As an increasing number full SIPP providers are facing a variety of struggles, if your SIPP is with a full SIPP provider, irrespective of your own investment holdings, it's well worth a detailed review.
Even Though You May Only Have Invested In Regulated Things Like Deposit Accounts And Stockmarket Assets, You Could Be Affected By What’s Happening In Other Parts Of Your SIPP Provider’s Business
A Number Of Full SIPP Providers Are Facing A Challenging Time
As you'll see below, a number of full SIPP providers are currently in trouble.
So when it comes to your SIPP, the biggest thing to remember is that with most SIPPs, it’s not your pension scheme. You are one member of a Master Trust. It could include thousands of other people.
There are a couple of problems with this.
Firstly, if some investments get into difficulty in other parts of the Master Trust, the fallout could affect your SIPP.
Secondly, incompetent administration or lack of proper systems and controls within the SIPP provider could affect everyone in the Master Trust.
Despite this, you shouldn’t be concerned your pension fund is at risk.
The fact that your money is held in a Trust means it’s separate from the banking arrangements of the SIPP provider. It's usually also held within a distinct sub-Trust to avoid your money being merged with funds of other SIPP holders.
If Things Get Really Bad, Your SIPP Provider Could Be Sold
Generally speaking, the regulator doesn’t want to see any SIPP provider fail. There are usually only losers if this happens.
It will often encourage a larger SIPP provider to take over the running of the business. All SIPP providers are required to hold money to cover the cost of such a circumstance.
However, managing a collection of ‘bad’ SIPPs that contain toxic investments can be administratively expensive. The new SIPP provider can cover this cost in a number of ways:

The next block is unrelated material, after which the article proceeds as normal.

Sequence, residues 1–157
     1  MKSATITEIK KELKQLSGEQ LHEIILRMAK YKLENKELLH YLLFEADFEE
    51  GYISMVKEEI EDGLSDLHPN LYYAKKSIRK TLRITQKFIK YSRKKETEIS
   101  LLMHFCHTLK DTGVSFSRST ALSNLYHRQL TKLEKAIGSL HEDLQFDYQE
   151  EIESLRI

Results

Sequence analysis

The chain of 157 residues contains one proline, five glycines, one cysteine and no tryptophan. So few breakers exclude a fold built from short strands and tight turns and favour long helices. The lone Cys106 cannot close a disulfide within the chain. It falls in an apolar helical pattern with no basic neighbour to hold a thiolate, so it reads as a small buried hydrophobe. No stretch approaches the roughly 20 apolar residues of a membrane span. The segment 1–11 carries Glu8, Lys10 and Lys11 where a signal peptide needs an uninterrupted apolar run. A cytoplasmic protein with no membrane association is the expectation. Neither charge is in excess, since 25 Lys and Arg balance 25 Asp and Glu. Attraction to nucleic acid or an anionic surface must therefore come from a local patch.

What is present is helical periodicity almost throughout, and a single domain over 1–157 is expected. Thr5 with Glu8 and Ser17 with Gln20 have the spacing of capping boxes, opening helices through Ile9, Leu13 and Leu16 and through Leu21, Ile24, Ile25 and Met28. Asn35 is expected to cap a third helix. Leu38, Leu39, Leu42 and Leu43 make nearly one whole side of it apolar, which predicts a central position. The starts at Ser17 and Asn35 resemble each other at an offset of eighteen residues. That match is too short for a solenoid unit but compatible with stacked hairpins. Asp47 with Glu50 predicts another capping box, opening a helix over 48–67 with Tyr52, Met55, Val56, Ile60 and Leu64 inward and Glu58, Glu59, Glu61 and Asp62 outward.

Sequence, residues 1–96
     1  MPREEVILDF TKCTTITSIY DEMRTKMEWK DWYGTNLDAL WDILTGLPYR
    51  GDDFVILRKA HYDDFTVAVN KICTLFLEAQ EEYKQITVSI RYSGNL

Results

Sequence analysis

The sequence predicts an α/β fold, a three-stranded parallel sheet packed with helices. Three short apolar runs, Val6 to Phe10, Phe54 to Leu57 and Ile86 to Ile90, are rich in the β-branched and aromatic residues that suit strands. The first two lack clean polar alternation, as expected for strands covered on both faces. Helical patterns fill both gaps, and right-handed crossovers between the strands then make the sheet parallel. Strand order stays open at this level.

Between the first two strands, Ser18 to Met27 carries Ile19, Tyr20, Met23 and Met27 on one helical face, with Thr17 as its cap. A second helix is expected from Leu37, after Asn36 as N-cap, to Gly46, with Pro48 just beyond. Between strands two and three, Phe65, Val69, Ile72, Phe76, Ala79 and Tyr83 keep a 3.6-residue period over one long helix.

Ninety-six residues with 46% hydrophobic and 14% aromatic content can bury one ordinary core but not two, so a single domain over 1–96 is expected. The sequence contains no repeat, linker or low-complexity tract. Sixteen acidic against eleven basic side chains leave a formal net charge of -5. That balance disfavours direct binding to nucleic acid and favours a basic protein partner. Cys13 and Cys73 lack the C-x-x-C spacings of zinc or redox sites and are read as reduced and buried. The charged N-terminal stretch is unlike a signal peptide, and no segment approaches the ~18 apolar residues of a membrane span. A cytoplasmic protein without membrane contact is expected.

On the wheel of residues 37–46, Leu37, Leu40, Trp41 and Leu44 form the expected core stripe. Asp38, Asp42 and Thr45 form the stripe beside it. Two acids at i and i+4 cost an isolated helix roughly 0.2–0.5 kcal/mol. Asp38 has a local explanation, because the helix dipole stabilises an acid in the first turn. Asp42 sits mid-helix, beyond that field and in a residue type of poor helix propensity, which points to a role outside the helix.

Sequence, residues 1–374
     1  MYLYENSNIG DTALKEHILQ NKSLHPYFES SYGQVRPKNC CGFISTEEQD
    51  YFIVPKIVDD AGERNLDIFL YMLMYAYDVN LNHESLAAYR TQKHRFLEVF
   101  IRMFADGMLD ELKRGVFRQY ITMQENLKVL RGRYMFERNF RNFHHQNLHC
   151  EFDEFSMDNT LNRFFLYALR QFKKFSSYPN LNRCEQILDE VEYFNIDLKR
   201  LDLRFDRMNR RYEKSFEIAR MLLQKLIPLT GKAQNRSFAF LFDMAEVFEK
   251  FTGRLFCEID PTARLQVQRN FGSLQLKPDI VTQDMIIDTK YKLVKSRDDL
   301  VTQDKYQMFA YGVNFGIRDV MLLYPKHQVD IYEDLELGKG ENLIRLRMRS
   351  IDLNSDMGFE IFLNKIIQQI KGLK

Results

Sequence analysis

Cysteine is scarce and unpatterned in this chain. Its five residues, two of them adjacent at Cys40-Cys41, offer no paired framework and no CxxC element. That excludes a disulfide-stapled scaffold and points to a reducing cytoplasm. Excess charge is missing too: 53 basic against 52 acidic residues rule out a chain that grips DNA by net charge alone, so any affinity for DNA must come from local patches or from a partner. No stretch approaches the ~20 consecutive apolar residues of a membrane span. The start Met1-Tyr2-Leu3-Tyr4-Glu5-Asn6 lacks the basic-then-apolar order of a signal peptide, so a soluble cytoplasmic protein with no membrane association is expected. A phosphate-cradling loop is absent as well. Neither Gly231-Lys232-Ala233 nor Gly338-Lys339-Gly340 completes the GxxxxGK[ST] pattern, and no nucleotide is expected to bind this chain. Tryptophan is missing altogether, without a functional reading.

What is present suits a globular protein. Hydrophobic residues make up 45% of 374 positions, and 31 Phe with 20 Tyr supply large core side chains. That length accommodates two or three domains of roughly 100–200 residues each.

- By picking up the profitable ‘good’ SIPPs run by the former SIPP provider
- By encouraging SIPP holders to dispose of non-regulated investments wherever possible
- By limiting investment choice to regulated assets to prevent further problems
- By substantially increasing fees
Why You Should Check The Health Of Your Full SIPP Provider
It could be an expensive mistake to assume that if you’re happy with your current investments, and you’re not considering further contributions, there’s nothing to worry about. Here’s why.
History shows that when some SIPP providers have previously run into difficulty, a number of their SIPP clients moved to other SIPP providers. The knock-on effect reduces cashflow for the SIPP provider in difficulty, at a time when it was already struggling.
It can quickly become a downward spiral. To overcome the loss of income, SIPP providers often have no option but to increase the fees for SIPP holders who remain, to cover the financial shortfall.
Pretty much every SIPP fee agreement includes a clause that allows the SIPP provider to increase the fees, often without a limit.
It seems grossly unfair that those people who stick with their SIPP provider may be charged more, sometimes significantly more, as a reward for their loyalty!
You should check your fee agreement to see what you’ve signed up to.
Some Troubled SIPP Providers
‘SIPP world’ is no different to any other niche market. It has an association for SIPP providers where all the key players are members. There have been great successes. But life has not always been rosy.
Over the years, there have been many casualties. Here are a few of the unfortunate stand-out moments.
Some firms didn’t make it and went bust. The Financial Services Compensation Scheme has recently declared SIPP providers Stadia, Brooklands and Montpelier in default, expecting tens of millions to be paid out in claims.